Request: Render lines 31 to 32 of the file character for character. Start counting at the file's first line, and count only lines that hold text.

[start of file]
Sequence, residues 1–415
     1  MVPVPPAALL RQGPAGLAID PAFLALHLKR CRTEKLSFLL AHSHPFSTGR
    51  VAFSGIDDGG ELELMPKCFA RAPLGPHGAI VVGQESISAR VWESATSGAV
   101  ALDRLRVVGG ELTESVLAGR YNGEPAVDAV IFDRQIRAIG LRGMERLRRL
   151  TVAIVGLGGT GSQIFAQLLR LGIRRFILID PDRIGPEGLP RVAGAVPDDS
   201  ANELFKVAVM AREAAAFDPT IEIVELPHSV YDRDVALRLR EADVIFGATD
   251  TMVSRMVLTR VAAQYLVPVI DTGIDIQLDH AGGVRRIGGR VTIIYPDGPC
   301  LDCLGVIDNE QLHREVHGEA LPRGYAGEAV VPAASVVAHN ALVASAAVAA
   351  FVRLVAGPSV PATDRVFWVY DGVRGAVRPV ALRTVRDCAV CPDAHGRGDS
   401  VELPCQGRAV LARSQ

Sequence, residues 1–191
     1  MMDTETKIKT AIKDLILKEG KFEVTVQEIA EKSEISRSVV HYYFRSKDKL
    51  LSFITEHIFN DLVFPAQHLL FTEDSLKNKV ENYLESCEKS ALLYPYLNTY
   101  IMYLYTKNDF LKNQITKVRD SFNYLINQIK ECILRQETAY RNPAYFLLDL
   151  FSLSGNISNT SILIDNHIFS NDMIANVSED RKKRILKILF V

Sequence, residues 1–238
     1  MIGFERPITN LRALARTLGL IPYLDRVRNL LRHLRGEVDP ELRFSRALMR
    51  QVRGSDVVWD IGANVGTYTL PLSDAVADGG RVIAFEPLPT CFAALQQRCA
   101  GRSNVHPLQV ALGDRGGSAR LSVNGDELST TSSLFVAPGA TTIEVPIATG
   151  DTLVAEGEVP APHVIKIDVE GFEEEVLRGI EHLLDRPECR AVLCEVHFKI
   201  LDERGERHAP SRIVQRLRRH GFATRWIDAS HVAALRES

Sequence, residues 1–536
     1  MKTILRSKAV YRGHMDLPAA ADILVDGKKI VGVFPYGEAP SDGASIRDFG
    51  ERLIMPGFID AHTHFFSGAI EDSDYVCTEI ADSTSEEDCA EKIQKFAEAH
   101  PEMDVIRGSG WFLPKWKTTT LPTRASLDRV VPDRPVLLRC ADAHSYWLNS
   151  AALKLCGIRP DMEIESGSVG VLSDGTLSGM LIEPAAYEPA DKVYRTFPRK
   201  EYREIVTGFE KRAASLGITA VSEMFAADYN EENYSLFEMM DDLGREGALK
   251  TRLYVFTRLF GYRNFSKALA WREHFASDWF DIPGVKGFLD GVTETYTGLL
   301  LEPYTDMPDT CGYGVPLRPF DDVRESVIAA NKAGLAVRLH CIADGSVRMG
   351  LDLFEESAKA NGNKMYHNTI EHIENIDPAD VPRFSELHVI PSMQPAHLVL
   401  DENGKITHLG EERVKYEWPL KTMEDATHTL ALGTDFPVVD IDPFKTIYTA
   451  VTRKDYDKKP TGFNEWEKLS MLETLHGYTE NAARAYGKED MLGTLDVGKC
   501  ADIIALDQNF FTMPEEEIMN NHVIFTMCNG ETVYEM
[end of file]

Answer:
   401  DENGKITHLG EERVKYEWPL KTMEDATHTL ALGTDFPVVD IDPFKTIYTA
   451  VTRKDYDKKP TGFNEWEKLS MLETLHGYTE NAARAYGKED MLGTLDVGKC